In the US, there are plenty of domestic flights which are not really short haul – coast to coast, or Hawaii, so the seating has developed in a different way. But the cabins are often very tired and dingy. The food, if it appears at all in F, is very often extremely poor quality. In Y, the airlines operate at much the same level as European LCCs, charging for bags, throwing advertising at captive customers, and generally behaving in a fairly obnoxious manner. The stress of boarding is created by allowing people to bring their luggage on board with them. Finally, the culture of bringing food on board, particularly hot food which smells, makes it all the more unpleasant for others. As a generalisation, I think Americans are perhaps less used to/inclined to moderating certain selfish traits in their behavior in communal environments, which goes towards making the experience grimmer.

    Environment is key. My last two domestic flights have been on UA. The first, in E on an A319 was very pleasant. Newish, bright interior, quiet customers, out of view of any tv screens all went to a pleasant 2 hour flight. The second, in F on a 737, featured uncomfortable old fashioned seats, hideous decor, an FA who wanted to chit chat in a loud voice for all 50 minutes and a seat back screen which sprang to life for every advertisement, despite me trying to turn it off. The former is more typical of flying a legacy European airline, the latter of flying a European LCC but with bigger seats.

  7. I am a 1K with United and even as 1K I find the domestic US travel experience a very average, unfriendly, un-sepcial, dated, kind of depressing travel experience.

    Airpot check in at major airports like JFK, LAX and EWR is a terrible experience. The shoes off / TSA experience is terrible. Domestic and so called “First” lounges offered by AA DL and UA are stuck in the 80s with terrible decor, unfriendly staff, high school like food options. Boarding is a zoo. FA’s are old, grumpy and jaded. Gate staff likewise. Cabins are dingy and dated. Food is dated and common (Cheeseburgers and ice cream) and planes are generally old. OK rant over!

    I actually find the most pleasant domestic experience to be in Australia. Granted, it’s dominated by Virgin Australia and Qantas – and 2 LCCs Tiger and Jetstar, but for a nation with less people than California – it’s a world class service.

    Terminals are generally pleasant and modern. Check in, fate staff and even security are polite, young, eager and friendly. Security in a breeze with no need to take shoes off. Qantas and Virgin give lounge access to all busines pax. Qantas and Virgin lounges are truly world class with modern W like spaces, iMacs, barristas and huge food spreads. Boarding is a breeze (Aussies dont to much carry on) and planes are generally fresh, bright. Virgins cabins are like something from the future. FA’s are young, eager super friendly and polite – and even domestic coach gets free food. Business class comes with amazing food, newspapers and the like. The transcon premium services MEL/SYD-PER are almost international in standard with lie flats, 747 and A330 jets and chef inspired menus and barissta coffee.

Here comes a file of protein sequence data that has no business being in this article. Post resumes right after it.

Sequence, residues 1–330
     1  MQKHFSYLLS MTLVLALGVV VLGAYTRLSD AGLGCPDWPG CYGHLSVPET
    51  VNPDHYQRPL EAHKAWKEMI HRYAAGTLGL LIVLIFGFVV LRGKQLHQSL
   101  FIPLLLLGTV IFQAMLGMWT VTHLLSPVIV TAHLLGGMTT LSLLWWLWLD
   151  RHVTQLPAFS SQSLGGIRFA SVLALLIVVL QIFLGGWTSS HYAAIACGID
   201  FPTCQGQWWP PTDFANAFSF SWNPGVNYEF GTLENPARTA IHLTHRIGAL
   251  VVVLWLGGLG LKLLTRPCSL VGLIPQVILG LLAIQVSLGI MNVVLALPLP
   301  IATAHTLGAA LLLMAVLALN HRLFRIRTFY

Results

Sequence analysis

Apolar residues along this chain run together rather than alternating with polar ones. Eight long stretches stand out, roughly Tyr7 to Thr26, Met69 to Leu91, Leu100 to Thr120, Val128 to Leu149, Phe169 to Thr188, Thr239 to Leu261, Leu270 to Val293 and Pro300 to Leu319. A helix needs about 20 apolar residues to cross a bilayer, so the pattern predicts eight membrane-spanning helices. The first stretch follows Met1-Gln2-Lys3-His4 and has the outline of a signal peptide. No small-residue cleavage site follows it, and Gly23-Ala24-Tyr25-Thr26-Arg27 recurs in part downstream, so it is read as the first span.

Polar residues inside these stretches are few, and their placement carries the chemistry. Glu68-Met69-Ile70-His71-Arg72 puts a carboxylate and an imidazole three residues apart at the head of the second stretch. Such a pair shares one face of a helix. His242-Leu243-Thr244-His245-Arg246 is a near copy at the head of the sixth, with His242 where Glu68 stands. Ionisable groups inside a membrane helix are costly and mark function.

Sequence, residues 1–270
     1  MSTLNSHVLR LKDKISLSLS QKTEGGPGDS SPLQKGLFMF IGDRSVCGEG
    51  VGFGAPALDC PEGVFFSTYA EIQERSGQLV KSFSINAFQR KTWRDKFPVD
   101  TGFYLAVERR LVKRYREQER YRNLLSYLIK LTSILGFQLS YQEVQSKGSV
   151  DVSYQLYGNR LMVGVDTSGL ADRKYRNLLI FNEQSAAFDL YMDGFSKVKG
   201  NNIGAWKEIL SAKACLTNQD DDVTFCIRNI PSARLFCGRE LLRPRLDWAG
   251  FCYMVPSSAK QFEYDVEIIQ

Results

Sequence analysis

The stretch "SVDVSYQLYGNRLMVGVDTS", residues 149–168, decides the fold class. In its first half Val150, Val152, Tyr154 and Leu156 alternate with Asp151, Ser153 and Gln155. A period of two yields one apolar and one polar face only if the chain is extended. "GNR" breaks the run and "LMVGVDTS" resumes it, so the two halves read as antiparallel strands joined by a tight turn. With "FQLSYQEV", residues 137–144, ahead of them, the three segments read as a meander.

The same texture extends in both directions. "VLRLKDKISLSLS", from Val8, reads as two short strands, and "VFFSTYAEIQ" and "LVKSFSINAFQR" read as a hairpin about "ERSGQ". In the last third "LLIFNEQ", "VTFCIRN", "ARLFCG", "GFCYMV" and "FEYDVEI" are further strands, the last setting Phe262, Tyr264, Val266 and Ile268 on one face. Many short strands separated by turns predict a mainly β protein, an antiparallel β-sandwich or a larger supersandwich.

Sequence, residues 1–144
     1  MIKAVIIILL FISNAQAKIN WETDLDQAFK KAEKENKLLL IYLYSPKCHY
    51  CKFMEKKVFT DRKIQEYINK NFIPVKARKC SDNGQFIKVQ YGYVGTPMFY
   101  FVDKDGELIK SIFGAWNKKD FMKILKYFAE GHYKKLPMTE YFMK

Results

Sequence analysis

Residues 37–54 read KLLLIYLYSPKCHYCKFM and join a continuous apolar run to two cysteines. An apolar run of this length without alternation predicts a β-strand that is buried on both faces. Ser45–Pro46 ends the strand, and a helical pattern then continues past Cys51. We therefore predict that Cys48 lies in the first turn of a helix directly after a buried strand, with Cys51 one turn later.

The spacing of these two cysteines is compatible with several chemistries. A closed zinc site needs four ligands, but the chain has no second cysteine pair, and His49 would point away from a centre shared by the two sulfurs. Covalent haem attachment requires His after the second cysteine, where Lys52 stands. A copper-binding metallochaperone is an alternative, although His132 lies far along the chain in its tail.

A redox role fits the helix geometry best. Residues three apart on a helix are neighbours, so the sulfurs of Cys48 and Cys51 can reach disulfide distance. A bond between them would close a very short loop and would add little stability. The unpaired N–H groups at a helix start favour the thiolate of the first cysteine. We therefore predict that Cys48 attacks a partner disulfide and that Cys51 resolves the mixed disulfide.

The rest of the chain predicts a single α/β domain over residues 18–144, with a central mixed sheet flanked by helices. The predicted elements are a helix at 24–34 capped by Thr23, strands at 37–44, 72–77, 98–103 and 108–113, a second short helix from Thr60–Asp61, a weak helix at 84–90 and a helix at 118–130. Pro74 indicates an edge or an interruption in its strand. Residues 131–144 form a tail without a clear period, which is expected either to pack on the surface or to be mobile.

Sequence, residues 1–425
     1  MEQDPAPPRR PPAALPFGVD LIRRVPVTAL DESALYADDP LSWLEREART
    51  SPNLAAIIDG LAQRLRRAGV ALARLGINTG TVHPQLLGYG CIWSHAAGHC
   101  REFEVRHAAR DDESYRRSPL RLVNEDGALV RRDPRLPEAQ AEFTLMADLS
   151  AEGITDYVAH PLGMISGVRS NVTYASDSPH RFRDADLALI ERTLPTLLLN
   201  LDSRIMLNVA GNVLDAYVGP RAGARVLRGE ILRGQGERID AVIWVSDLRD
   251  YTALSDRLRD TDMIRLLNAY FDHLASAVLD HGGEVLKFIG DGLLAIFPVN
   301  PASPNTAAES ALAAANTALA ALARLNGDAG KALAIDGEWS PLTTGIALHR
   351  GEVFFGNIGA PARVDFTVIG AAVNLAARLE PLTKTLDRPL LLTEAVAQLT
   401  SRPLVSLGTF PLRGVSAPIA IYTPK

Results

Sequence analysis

Of course, the Qantas and Virgin milage programs are nowhere near as generous as US ones.

    And I guess there is the rub

  8. The biggest differentiators is service. US staff are so abused by their employers and have so much belligerence it comes out in their work.

    Even the littlest things – take the on board announcements. United and AA bark at you as if it is your privilege to be on their plane. Asian airlines are much more courteous and welcoming.

  9. Misinformation from the Huffington Post? Shocking!

    But on a productive note, something that always strikes me when I fly with a US carrier (international) is the service from flight attendants being generally far below the service I receive from non-US carriers. I’m only discussing Economy class here, but I feel that the class and attention I receive from Lufthansa and Korean Airlines and similar carriers beats United or American hands down.

    On a recent trans-Atlantic United flight, my seat partner was essentially ridiculed for complaining about his headphone jack not working. The overweight, older, and very weary looking FA mimed fixing the jack with a corkscrew, chuckled, and then walked away, not to return. Later, when the same seat mate mentioned he had requested a kosher meal, a different FA told him that they had given them all away already. He asked for a vegetarian meal, and they also didn’t have any of these. Then the FA left, again not to return. Said seat mate eventually had to get up and find another FA just to get himself a side salad for dinner.

    All this after a nearly two hour delay, when you’d think the airlines would be more sensitive to customer comfort. I was on a redemption flight, so I’m not about to complain, but this guy had shelled out nearly $1,200 for a last-minute RT.

    Was this discussed? I know several Asian airlines have very stringent FA-selection processes and training, which is probably too extreme and certainly wouldn’t fly in the US, but you can’t deny the improvement in service.

  10. I couldn’t agree more – the “Can We Fix the Airlines,” piece was tough to listen to and generalized some completely inaccurate info. Spike has a good point about airports, although the TSA is the record keeper there.

    One additional point that’s worth including is the silver lining of multiple resources for flyers today. While flying in couch domestically is rarely “great,” it can be a better experience if you’re armed with the information you need. If flyers empower themselves to find the best experience available to them at their price point and schedule – then they’ll know what they are getting into before they jump onboard. There’s always variables that are out of our control as travelers but the US aviation experience doesn’t “suck” as Huffo’s video so gleefully stated. We have the tools to cherry pick our way to a better flight and optimize our experience (like ours at Routehappy). And information on things like seat comfort, which Skift ran a piece on last week, and in-flight amenities that make all the difference in the world. Yes, sometimes they cost more, but decide if it’s worth it beforehand so you’re not the one scowling at the flight attendant next time you fly.

    And, come on HuffPo, do they simply not having crying babies on flights in Europe?